Szynkiewicz and others (2009) tried to reconstruct paleo-environmental conditions for the saline playa lakes of the Rio Grande Rift by identifying sediment sulfate sources using sulfur isotope compositions of dissolved SO42− ions in modern surface water, groundwater, and SO42− precipitated in the form of gypsum sediments deposited during the Pleistocene and Holocene in the Tularosa Basin. The results indicated that in the Tularosa Basin there was negligible effect of microbial sulfate reduction on the δ34S values of the gypsiferous sediments due to higher annual temperatures (15–33°C) and lower organic carbon content (median 0.09%) in those sediments than other source of recharge. This condition leads to efficient oxidation of H2S and/or small rates of sulfate reduction (Szynkiewicz et al. 2009). The White Sands region of the Tularosa Basin has high temperatures of groundwater (33.3°C) and high δ18O values (1.1‰). They are controlled predominantly by seasonal evaporation rather than the modern influx of hydrothermal fluids. High evaporation rates and groundwater recharge associated with salt-rich sedimentary rocks can increase the solute content of rivers and shallow aquifers; however, agricultural activity, including evapotranspiration and the application of fertilizers, can also degrade water quality and increase salinity.

Need for Research

Climate change is inevitable. Some of aquifers have been greatly stressed by human groundwater uses, while others have not been fully developed. All aquifers may have been impacted by climate variability in one way or another, for example, prolonged drought may have resulted in deterioration of groundwater quality in shallow aquifers, stopped the spring discharge from some aquifers, and reduced groundwater storage. Historical groundwater overdraft in El Paso and Ciudad Juarez has caused large groundwater drawdowns, deterioration of groundwater quality, and land subsidence in Hueco Bolson. Measures have been taken to control the groundwater pumpage, in hopes of sustaining groundwater availability for future water supplies. Depletion of groundwater storage will continue until alternative water sources become available and the pumpage from this aquifer system is reduced. Similar impacts have been observed across southwest and other arid regions around world (Zektser et al. 2004, Ma et al. 2005, Barnett et al. 2008).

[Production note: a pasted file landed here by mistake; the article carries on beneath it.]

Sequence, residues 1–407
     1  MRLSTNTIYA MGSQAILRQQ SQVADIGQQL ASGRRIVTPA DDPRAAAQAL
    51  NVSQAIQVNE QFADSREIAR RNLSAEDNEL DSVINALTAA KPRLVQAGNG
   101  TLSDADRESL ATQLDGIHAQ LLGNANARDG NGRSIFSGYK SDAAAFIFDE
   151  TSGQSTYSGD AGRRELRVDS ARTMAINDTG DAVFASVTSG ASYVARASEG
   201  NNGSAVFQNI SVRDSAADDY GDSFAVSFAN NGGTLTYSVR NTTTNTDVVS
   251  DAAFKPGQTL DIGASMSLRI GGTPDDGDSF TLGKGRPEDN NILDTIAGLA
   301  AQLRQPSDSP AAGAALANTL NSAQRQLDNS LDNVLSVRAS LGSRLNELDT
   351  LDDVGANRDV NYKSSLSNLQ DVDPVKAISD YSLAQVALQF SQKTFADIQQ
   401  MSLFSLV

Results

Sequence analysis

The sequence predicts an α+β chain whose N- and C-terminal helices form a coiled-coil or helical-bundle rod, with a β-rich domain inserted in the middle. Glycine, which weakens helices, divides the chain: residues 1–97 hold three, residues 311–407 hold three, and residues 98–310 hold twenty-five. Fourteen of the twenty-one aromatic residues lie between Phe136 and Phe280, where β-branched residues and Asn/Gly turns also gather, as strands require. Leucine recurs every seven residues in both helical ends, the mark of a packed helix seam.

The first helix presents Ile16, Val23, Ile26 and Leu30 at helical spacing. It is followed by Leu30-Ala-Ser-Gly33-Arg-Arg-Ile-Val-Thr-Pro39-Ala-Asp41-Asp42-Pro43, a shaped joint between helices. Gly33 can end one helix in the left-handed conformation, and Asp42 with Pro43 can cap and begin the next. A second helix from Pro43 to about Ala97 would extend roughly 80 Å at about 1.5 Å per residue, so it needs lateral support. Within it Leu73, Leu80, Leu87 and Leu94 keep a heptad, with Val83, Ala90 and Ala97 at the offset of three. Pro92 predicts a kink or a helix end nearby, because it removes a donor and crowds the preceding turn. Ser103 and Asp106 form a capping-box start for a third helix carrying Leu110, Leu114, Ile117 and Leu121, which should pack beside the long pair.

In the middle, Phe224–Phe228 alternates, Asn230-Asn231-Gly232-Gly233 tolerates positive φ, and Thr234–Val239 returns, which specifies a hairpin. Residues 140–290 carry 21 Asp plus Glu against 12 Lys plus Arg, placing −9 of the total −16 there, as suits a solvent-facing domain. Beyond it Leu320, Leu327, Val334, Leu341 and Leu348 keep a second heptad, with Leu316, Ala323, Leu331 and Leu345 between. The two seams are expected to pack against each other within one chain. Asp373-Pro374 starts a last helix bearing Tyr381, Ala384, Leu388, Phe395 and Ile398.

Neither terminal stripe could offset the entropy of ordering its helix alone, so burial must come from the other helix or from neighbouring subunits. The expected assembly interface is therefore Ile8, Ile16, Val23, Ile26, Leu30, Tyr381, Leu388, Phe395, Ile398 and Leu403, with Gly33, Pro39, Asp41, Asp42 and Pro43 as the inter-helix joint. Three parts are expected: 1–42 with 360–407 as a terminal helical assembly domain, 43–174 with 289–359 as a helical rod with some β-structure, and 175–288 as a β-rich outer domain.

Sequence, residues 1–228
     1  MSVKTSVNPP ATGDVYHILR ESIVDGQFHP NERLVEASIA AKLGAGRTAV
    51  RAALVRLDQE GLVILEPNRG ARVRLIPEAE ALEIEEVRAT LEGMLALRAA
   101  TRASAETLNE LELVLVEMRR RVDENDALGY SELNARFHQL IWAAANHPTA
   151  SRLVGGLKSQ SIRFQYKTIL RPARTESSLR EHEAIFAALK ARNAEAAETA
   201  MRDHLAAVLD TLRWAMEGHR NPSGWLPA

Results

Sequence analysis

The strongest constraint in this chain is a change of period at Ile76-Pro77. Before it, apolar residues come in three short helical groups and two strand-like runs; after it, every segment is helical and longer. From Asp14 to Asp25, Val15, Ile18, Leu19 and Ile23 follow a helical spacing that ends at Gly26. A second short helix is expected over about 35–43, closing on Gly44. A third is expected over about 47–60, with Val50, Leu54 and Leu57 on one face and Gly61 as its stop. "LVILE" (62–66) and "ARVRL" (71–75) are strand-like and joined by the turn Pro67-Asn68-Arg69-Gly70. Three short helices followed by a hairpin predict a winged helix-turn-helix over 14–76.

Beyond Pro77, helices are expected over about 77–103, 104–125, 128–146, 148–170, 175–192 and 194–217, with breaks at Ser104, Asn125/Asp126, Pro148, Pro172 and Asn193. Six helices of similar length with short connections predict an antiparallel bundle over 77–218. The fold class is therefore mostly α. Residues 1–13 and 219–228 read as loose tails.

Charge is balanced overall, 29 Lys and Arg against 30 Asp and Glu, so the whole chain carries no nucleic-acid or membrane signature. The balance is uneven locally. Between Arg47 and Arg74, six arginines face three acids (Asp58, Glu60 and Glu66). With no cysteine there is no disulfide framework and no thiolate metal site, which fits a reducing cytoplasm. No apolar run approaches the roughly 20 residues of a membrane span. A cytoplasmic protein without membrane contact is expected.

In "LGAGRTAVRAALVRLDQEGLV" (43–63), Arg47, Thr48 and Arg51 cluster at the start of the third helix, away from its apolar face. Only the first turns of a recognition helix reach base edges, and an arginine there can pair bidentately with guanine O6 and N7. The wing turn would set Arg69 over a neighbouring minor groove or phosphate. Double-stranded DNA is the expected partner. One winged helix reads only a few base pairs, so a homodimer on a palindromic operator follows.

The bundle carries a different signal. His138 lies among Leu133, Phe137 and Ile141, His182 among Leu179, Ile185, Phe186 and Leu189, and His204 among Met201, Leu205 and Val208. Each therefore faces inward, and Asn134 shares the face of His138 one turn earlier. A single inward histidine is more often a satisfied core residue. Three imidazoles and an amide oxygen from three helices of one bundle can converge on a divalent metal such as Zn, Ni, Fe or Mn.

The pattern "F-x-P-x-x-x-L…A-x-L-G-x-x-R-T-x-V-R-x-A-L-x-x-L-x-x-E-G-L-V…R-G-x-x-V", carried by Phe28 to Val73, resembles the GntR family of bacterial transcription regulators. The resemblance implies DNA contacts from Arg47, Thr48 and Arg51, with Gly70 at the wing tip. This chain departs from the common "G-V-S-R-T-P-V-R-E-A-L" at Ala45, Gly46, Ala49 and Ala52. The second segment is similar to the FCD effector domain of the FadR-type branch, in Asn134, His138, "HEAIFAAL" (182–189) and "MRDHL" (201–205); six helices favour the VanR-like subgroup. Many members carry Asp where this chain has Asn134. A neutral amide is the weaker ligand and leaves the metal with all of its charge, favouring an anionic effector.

To develop adaptive management strategies for climate variability, we need to have a good understanding of hydrologic process in the regional aquifer system, groundwater availability in terms of quantity and quality, and impacts of climate change on groundwater availability. We need to develop tools/water management strategies to address issues related to groundwater availability and climate variability. Currently, the United States-Mexico Transboundary Aquifer Assessment Program is being conducted by Water Resources Research Institutes in Arizona, New Mexico and Texas in partnership with the U.S. Geological Survey (USGS) and in collaboration with appropriate federal, state agencies, and stakeholders as well as Mexican counterparts through International Boundary and Water Commission. The purpose of this Program (Michelsen et al. 2010) is to conduct binational scientific research to systematically assess priority transboundary aquifers, namely Hueco Bolson and Mesilla Basin-Conejos Medanos in New Mexico, Texas and Chihuahua. The results of this program are providing essential new information and a scientific foundation for state and local officials to address pressing water resource challenges in the U.S.-Mexico border region (Michelsen et al. 2010).

In addition to the transboundary aquifer assessment, the Rio Grande Salinity Management program sponsored by U.S. Army Corps of Engineers and the states of New Mexico and Texas aims to developing cost-effective strategies to control river water salinity in the Rio Grande. It is anticipated to provide benefits to both agricultural water users and urban water suppliers (Michelsen et al. 2009). If salinity control strategies are implemented, surface water quality will be improved. As a result, groundwater availability will be enhanced since surface water is one of the major recharge sources to regional aquifers.